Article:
Grandparents will find it easier to contribute to their grandchildrens’ college educations starting this fall. That’s when changes go into effect on the Free Application for Federal Student Aid (FAFSA) form that college students must fill out to receive financial aid from federal and state governments and colleges.

In the past, many grandparents have been reluctant to start a tax-advantaged 529 college savings plan for a grandchild because distributions from the plan could seriously reduce the amount of financial aid that the grandchild could get.

What’s new: Starting October 1, 2023, the FAFSA for the 2024–2025 academic year will not require distributions from a grandparent-owned 529 (or one owned by any other family member or friend) to be reported at all.

What to consider: You are allowed to “front-load” a 529 plan you own, contributing five years’ worth of annual gifts of up to $17,000 this year, for a total of up to $85,000 per person per beneficiary—or up to $34,000 per couple per beneficiary for a total of $170,000 this year—without paying a gift tax or chipping away at your lifetime gift-tax exemption. There is no limit or penalty on the amount of annual distributions you can take as long as they are used to pay for qualified education expenses.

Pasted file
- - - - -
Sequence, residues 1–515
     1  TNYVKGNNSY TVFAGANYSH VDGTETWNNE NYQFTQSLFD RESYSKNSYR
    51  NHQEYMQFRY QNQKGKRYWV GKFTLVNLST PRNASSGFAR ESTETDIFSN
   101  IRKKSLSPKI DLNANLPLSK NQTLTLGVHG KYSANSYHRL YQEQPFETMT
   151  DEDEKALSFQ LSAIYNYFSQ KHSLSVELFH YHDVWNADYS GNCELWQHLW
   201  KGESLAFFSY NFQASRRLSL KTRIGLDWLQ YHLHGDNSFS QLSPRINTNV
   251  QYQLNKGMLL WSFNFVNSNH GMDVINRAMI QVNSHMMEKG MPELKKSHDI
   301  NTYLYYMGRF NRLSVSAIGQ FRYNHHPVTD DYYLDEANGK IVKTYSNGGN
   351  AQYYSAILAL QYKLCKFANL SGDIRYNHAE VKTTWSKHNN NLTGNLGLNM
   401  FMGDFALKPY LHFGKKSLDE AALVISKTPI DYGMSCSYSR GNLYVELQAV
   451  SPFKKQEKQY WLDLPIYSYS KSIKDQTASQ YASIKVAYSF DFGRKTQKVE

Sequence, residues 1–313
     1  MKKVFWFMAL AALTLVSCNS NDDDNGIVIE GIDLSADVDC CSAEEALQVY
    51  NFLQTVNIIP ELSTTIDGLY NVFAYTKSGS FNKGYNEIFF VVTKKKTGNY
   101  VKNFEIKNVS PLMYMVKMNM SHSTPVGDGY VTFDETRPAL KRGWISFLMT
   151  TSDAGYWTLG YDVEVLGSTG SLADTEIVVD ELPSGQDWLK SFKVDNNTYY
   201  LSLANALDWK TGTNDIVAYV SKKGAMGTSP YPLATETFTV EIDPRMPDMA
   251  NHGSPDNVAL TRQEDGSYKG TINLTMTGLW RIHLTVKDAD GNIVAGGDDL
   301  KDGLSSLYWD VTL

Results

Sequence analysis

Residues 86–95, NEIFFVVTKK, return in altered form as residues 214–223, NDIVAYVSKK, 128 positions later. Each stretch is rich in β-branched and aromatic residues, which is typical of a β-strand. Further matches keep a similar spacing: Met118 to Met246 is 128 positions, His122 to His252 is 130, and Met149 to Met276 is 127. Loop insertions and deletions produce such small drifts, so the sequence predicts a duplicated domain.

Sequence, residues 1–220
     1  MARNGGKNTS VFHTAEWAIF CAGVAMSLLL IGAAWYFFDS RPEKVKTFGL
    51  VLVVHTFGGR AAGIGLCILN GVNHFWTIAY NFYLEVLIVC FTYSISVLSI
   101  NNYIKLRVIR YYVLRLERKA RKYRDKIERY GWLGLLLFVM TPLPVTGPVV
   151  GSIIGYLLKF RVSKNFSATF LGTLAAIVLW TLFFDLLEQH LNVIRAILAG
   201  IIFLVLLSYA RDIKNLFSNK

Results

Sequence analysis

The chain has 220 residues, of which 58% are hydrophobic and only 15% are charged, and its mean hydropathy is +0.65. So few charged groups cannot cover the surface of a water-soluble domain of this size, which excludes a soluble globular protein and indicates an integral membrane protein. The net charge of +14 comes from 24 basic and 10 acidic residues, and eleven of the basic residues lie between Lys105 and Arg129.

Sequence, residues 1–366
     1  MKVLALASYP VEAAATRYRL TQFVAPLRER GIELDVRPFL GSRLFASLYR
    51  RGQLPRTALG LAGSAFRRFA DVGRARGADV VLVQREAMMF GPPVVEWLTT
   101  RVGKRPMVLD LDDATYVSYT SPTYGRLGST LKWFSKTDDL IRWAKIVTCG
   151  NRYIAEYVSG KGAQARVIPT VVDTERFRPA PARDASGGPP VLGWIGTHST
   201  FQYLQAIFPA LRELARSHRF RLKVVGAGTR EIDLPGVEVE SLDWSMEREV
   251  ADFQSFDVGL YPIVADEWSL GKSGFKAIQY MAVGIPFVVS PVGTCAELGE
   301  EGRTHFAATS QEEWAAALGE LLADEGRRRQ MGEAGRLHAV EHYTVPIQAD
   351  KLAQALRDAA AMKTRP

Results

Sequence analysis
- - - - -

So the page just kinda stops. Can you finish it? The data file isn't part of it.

Caution: Some colleges use a secondary financial aid report called the CSS Profile, which still may ask about outside contributions and consider those as student income. Two workarounds: Wait until after January 1 of your grandchild’s sophomore year of college to take a distribution from your 529. At that point, it no longer affects aid eligibility, assuming that the student graduates in four years. Or wait until your grandchild has graduated to take a distribution, which can be used to pay back any student loan debt that has accrued, up to $10,000.


Related Articles